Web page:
The Stanford Prison Experiment is a social psychology study in which Stanford University students were randomly assigned to the role of either prisoners or guards in a simulated prison environment. The experiment took place in 1971 at Stanford University and was conducted by Philip Zimbardo and his colleagues. The experiment was intended to run for two weeks, but it was terminated after six days. On day two, after the prisoner participants staged a rebellion, the guard participants began inhumanely punishing the prisoners. Prisoners quickly became depressed and traumatized; three participants asked to be released within four days. The guards became merciless and violent, to the point where the study had to be terminated due to the physical risk it posed to the participants (The Editors of Encyclopaedia Britannica, 2017). This study demonstrated the idea of the Banality of Evil, which is the theory that…. and biographical examples of heroes, anti-heroes, and villains.

The Romance of Heroism

In this book, heroism experts George R. Goethals and Scott T. Allison explore how the romantic conception of heroes is constructed, both in real life and in our heads.

Here is an excerpt from the Introductory chapter:

We adopt an approach that we call the romance of heroes.  Merriam-Webster defines romance as an emotional attraction, or special quality or feeling that comes from a person, place, or thing.  The verb form of romance is to exaggerate or invent detail.  This book explores these processes as they operate in our human perception of heroism.  We assume that people are motivated to actively construct reality from incomplete information.  There is a long history of theory and research in social perception and social cognition to support this idea.”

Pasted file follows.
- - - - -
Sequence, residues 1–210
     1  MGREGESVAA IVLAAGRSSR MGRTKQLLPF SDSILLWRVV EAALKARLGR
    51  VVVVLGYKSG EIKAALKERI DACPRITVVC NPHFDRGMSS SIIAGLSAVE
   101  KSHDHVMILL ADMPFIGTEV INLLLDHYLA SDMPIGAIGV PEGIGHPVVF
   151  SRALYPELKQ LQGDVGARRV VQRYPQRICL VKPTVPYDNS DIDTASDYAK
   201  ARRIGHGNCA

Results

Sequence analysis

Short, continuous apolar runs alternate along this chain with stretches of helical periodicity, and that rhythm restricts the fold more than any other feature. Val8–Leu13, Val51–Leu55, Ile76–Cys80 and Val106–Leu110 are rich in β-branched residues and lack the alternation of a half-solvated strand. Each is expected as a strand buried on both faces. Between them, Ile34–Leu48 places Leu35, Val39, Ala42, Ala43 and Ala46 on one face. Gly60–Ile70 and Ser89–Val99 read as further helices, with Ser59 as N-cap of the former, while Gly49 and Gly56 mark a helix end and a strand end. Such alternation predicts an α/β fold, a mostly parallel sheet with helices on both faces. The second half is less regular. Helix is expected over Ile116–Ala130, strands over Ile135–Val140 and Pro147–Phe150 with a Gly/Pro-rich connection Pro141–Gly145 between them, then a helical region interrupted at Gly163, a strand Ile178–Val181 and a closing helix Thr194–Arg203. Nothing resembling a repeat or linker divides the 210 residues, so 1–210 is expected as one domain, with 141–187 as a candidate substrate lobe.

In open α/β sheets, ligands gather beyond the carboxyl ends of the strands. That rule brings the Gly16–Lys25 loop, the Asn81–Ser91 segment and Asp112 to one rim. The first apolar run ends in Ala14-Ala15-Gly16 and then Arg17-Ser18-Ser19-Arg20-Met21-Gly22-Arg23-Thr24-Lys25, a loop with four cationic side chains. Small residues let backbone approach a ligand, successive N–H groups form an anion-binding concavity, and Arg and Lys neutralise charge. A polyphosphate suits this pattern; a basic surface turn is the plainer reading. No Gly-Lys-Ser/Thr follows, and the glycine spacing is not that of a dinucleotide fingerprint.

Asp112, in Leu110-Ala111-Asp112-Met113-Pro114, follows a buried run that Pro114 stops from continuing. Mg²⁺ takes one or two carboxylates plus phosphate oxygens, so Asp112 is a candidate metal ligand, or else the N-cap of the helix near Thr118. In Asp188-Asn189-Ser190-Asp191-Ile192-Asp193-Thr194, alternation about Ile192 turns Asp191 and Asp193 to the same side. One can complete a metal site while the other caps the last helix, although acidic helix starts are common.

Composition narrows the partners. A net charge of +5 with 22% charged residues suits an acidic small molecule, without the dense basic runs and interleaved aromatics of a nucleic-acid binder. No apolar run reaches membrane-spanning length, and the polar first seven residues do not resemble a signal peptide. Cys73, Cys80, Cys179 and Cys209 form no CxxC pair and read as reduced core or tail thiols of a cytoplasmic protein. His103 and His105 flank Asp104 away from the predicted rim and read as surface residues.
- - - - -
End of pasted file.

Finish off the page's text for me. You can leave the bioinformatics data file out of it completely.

“We also assume, based on our own research, that people are motivated to have heroes (Allison & Goethals, 2011).  Our contention in this book is that our love of heroes is so strong that we could call it a romantic longing.  Merriam-Webster reminds us that this longing is a strong emotional attraction that may cause mental exaggeration or invention.  Our desire and drive to designate people as heroes may be subject to distortion and to motivated perception under conditions of uncertainty.  We’ll also explore how this tendency to exaggerate or invent in response to strong motives can contribute to our construction of villains as well as heroes.”

Looking at the dichotomy of heroism and villainy, the authors offer insights into Donald Trump’s ascension to the US presidency, particularly detailing the correspondence between the needs of the US public and the promises the former reality TV star made in reply.

Goethals and Allison also consider how three highly charismatic men dramatically and fundamentally changed American society in the mid-20th century — Martin Luther King, Jr., Elvis Presley, and Muhammad Ali, called here The Three Kings.

This exciting and innovative book explores how charisma and human needs create romantic images of individuals as heroes and villains. For researchers and students of psychology and leadership, this is a fundamental text on the creation of both genuine heroes and false idols.

This book is now available for purchase at Amazon.com.

 

Heroic Transformation: How Heroes Change Themselves and The World

The human journey is brimming with opportunities for growth and development. This volume, crafted superbly by a talented group of young student-scholars at the University of Richmond, explores the myriad ways that human beings have evolved to become extraordinary heroes.